This is the tenth podcast for the power sector corporate strategy study we will soon release as part of our Executive Program.

In an earlier podcast, we discussed the logic of the corporate strategy recommendations. It will surprise you to realize just how little detailed analyses support that recommendation. There is a deep and clear logic. Yet, the analyses needed to prove that logic is surprisingly light.

In this podcast, we discuss this paradox of corporate strategy. Strategy studies have a reputation for having lots of analyses. This reputation comes both from a misunderstanding of strategy and from watching other types of strategy studies, like pricing, business unit strategies etc., which require heavy analyses.

What many consider corporate strategy analyses is actually the analyses done for the business units etc., once the corporate strategy is done. They are different and should not be confused.

Corporate strategy is essentially a bet on a market and there is no analytic tool in the world anywhere at any firm that can predict how a market will behave. We need to make a reasonable bet.

We also explain how the corporate strategy can still be right even if the tests we are doing prove otherwise. If you are wondering how to apply this to your own work, you need to focus on business judgment.

More than any other type of strategy work, corporate strategy relies heavily on business judgment since the analyses is dramatically open to interpretation. Business judgement cannot be found in any single analyses since no analyses is going to provide the answer.

We finally, explain why we have developed the corporate strategy approach we have developed if its primary role is not to analyze the corporate strategy recommendations.

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4 responses to Corporate Strategy Always Lacks Detailed Analyses

  1. Hello Sharif,

    Being well read is one of the ways to having good judgement. You could travel, watch TV etc., which will all produce the same effect. I would only recommend NYT and WSJ.

    Michael

  2. Michael,

    You mention the importance of being well read in this podcast. Do you have any specific recommendations of books or publications? What do you like to read to expand your mind?

    Thanks,
    Sharif

  3. Hi Scott,

    A consultant should never ever change their recommendation because a client disagrees. That is completely wrong. You have no credibility when you do that. Many, many firms change their recommendations to please clients but which board would trust a consulting firm that sells out its recommendations just to get more money?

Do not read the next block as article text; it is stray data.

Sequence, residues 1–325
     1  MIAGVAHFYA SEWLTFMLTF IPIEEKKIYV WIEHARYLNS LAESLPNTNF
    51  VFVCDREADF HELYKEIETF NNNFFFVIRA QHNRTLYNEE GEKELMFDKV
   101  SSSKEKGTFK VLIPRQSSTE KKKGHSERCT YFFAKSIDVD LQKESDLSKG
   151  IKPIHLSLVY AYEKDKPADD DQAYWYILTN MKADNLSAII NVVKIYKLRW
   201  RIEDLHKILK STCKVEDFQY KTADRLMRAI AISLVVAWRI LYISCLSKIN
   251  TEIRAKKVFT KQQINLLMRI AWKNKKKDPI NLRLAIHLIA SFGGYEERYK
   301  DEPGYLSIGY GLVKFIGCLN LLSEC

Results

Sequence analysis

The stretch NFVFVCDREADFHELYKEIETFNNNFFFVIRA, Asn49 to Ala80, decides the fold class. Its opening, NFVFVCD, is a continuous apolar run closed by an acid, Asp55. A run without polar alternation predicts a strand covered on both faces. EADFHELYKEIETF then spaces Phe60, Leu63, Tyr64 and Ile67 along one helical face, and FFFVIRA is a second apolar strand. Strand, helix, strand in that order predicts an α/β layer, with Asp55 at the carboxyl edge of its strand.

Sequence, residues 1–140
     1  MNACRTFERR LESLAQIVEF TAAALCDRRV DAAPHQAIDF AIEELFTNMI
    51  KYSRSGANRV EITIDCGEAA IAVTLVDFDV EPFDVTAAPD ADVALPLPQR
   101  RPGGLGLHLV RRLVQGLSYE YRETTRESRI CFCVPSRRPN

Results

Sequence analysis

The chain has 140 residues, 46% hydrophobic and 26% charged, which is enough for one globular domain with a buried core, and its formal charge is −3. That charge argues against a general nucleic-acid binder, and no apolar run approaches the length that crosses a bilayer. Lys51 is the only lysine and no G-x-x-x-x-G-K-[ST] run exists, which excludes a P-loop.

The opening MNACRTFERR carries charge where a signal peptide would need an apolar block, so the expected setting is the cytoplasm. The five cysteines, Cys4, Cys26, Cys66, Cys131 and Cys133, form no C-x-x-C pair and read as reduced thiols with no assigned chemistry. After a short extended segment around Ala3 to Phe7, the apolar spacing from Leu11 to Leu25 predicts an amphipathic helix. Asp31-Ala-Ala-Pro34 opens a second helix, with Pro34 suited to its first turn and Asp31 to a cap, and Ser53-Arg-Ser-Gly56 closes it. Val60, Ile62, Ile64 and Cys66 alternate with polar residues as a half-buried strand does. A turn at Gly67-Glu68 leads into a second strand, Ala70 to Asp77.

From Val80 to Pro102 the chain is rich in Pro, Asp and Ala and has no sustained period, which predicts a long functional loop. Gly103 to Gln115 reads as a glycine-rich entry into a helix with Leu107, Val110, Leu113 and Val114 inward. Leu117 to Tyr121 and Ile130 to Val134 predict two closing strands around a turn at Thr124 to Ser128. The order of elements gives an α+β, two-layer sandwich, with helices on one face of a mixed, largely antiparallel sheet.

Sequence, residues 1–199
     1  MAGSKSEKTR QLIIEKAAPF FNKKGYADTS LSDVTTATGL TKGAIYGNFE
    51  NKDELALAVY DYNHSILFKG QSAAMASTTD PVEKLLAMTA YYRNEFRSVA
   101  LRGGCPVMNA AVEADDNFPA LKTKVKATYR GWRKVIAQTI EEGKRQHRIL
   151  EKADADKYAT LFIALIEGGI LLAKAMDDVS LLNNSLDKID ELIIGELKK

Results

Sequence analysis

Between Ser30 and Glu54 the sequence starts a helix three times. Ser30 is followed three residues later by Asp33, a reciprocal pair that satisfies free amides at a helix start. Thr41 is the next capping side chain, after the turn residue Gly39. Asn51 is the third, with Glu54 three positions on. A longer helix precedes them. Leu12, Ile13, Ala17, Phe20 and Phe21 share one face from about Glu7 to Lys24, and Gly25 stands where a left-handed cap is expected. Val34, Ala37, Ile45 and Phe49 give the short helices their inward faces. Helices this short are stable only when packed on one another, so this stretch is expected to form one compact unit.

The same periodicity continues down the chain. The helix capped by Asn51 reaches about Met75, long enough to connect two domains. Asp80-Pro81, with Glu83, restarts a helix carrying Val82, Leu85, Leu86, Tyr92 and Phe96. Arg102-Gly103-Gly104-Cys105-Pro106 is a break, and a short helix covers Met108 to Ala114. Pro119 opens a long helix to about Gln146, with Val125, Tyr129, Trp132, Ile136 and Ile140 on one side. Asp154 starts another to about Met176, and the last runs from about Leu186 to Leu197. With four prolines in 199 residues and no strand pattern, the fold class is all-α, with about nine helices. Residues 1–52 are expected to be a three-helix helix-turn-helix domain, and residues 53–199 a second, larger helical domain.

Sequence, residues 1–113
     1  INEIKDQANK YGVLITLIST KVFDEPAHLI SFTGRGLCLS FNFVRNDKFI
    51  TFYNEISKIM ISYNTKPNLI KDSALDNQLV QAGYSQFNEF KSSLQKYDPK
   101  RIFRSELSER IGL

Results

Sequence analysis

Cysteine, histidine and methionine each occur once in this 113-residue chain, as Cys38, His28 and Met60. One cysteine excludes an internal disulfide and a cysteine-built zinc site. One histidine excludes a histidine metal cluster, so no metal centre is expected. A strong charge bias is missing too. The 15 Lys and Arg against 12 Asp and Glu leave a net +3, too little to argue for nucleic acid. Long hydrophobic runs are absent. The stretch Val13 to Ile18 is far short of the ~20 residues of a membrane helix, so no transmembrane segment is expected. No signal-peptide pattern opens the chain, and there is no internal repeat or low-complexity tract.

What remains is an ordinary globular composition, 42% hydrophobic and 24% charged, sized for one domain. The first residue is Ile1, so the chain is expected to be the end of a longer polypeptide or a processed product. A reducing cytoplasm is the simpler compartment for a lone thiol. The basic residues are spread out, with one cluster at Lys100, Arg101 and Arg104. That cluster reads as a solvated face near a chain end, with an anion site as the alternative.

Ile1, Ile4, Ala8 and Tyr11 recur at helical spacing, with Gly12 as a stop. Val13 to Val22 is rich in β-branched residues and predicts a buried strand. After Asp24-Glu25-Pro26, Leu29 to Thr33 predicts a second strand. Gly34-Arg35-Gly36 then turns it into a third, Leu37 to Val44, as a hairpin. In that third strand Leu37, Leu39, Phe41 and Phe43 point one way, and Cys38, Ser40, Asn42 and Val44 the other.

Because that is what you are doing right? Changing a recommendation to make money even though you will hurt the company.

    The client is welcome to disagree. The client is welcome to ignore the recommendations. The client may even ask us to leave. Yet, that does not make the recommendations wrong. If we changed the recommendations we simply have pleased a client in the short term and hurt the shareholders in the long-term. Our job is not to make them happy in the short term but to place their interests first, even if they may disagree with our recommendations.

    We view our client as the shareholders and not the management committee, so our view on an upset client is also different.

    That said, if you take the time to explain the recommendation to the client, they will understand and accept most of it. When the client completely disagrees, you have to wonder how poor the partners’ communication skills must be!

    We will switch the labels – thanks.

    Michael

  4. Hi Michael,

    What will/would you do in the event that Empire International/Empire Energy are vehemently opposed to your recommendation and there appears to be no realistic prospect of changing their minds? I imagine this would occur still relatively early in the study. Do you come up with a totally new strategy and direction in that case?

    Also, the text for this podcast has it labeled as the 9th in this series while the audio is for the 10th. The “Building Leaders” podcast is the opposite. I think this first line of text just got switched.

    Best Regards,
    Scott

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